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Transformation Team Vision provides an opportunity for Oregon

Dr. Bruce Goldberg, Governor Kitzhaber and Mike Bonetto attend the March 23 HSTT meeting.

A bipartisan group of legislators, health care providers and patient advocates has handed off to the Legislature its vision for sweeping changes to Oregon's health system. The plan developed by the Health System Transformation Team calls for reducing reduce waste and inefficiency and making long-term investments in preventive care, while preserving high quality health care for Oregonians.

The recommendations provide a broad-brush outline, allowing details to be worked out by the Legislature and state health officials in consultation with federal health regulators.

At the outset of the Transformation Team's final meeting on March 23, Gov. John Kitzhaber thanked team members "for giving eight weeks of your life to this" and said the outcome "has exceeded my expectations." He pledged to "work diligently with our partners to make sure we get the flexibility" from federal and state laws to carry out the team's recommendations.

Striking a theme that would run through the meeting, Kitzhaber emphasized that the recommendations are a promising start for transforming Oregon's health system into a more accountable, effective and cooperative venture.

"Having been through this a couple or three times, there's still an incredibly heavy lift," Kitzhaber said.

"This has been a phenomenal team effort," said Dr. Bruce Goldberg, Oregon Health Authority director and co-chair of the Transformation Team.

The centerpiece of the plan, titled a "Strawperson Summary" to suggest that it remains a work-in-progress, outlines the functions of Coordinated Care Organizations -- locally-governed networks that would be responsible for the health and care of Oregonians under a transformed health system. The report on its way to the Legislature also covers:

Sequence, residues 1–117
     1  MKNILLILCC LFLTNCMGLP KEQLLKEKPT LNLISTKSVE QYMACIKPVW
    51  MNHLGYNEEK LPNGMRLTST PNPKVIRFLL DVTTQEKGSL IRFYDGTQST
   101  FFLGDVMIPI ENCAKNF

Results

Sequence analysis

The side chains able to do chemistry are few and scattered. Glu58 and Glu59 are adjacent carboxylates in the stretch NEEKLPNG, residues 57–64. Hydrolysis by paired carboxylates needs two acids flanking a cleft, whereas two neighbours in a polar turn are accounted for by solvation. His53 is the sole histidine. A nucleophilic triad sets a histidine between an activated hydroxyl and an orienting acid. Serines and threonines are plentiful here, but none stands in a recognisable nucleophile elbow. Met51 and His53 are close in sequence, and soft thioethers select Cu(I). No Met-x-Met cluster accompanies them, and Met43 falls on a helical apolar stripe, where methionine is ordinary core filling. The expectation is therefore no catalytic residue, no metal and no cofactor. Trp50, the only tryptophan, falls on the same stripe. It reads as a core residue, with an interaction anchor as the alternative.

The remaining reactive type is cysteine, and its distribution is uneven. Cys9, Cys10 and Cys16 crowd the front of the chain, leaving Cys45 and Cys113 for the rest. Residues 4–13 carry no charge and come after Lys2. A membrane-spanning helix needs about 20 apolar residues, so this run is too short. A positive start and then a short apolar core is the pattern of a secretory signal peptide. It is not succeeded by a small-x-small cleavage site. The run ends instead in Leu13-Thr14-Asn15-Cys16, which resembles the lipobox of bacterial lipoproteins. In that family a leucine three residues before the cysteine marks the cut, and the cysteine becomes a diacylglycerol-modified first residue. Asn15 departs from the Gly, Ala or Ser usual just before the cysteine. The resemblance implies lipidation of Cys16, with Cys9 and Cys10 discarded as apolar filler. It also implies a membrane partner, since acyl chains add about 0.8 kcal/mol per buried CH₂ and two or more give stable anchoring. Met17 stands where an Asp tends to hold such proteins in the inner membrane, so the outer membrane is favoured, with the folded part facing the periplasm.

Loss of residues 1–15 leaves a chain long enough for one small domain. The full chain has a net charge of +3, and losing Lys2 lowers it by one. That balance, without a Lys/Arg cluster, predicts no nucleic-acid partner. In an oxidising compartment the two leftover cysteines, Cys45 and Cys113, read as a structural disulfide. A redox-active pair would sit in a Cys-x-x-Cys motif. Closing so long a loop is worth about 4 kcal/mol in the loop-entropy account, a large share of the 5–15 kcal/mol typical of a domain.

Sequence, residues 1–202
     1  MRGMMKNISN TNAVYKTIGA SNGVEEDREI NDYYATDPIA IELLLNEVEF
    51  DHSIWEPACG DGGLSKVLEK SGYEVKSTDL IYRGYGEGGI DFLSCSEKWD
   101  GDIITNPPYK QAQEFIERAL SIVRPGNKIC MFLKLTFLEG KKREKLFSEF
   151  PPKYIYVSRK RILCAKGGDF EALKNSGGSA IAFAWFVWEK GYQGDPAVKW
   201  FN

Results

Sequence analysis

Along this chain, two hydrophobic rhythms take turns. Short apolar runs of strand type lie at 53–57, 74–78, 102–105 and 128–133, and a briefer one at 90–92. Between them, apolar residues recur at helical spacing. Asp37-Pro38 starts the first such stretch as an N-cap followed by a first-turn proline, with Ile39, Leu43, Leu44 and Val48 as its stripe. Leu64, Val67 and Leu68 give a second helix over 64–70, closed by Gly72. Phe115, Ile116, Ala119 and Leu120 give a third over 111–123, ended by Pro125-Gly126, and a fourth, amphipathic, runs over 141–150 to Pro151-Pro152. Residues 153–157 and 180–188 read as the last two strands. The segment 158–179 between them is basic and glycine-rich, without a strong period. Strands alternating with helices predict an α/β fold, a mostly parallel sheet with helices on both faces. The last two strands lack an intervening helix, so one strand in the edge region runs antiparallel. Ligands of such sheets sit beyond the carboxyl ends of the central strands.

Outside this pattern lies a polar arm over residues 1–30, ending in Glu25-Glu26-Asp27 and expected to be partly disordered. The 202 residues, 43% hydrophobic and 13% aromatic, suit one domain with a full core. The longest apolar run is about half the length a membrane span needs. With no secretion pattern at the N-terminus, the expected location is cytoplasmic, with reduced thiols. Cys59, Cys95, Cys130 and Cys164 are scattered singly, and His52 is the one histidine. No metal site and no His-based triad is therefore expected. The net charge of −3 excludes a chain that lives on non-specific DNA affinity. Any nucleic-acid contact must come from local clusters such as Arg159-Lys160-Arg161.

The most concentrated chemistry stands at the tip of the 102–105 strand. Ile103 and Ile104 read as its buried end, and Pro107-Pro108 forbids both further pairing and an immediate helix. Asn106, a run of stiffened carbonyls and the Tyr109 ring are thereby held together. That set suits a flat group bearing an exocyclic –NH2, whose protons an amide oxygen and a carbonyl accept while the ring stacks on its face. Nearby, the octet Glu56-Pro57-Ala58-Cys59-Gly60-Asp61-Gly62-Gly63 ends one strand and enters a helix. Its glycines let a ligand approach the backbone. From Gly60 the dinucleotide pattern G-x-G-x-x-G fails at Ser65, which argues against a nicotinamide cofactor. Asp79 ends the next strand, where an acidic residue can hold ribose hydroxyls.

• The need for flexibility from federal Medicare and Medicaid rules.
  • The need for changes in state law.
  • A timeline for the transformation through 2013; for example, the Coordinated Care Organizations are targeted to be up and running by mid-2012.

A fundamental principle of the proposed transformation calls for global budgeting and changing the way in which we deliver and pay for health care. That means the Coordinated Care Organizations will start with a known amount of money โ€” a global budget --, which they can rely on and choose to spend in a way that best suits the needs of the population they serve. The move will be towards patient-centered care, rather than using a fee-for-service model. That contrasts with the current fragmented health system, which in many areas simply keeps paying for uncoordinated care of patients until the money runs out โ€” and then is forced to cut off services for entire populations.

The Health System Transformation Team: A bipartisan group of legislators, health care providers and patient advocates.

The Transformation Team's final meeting offered a chance for members around its very large table to reflect on what they had in common: a determination to improve health and health care for all Oregonians.

"We came together because of a budget crisis," said Dr. Bart McMullan, president of Regence BlueCross BlueShield of Oregon. "But this is really about people being able to get access to care."

"All of us are agreed about the fact that we do need some change," said Rep. Bill Kennemer, R-Oregon City, one of 11 Transformation Team members who are also in the Legislature. He called Oregon's effort to transform its health system "important and pioneering work."

"Good policy is always made of a combination of substance and politics" โ€” including what is necessary to win majority votes in both the House and the Senate," said Rep. Mitch Greenlick, D-Portland. "That's where we start, always." But despite their political differences, he said, the leaders of both the House and the Senate "want this to succeed."

"We're all going to be under tremendous pressure" to find "that very difficult balance" between needs and resources, said Greg Van Pelt, Providence's regional chief executive for Oregon. His message to legislators: "We are behind you." He also warned: "If we don't take advantage of this opportunity, it could be another decade before we come together again."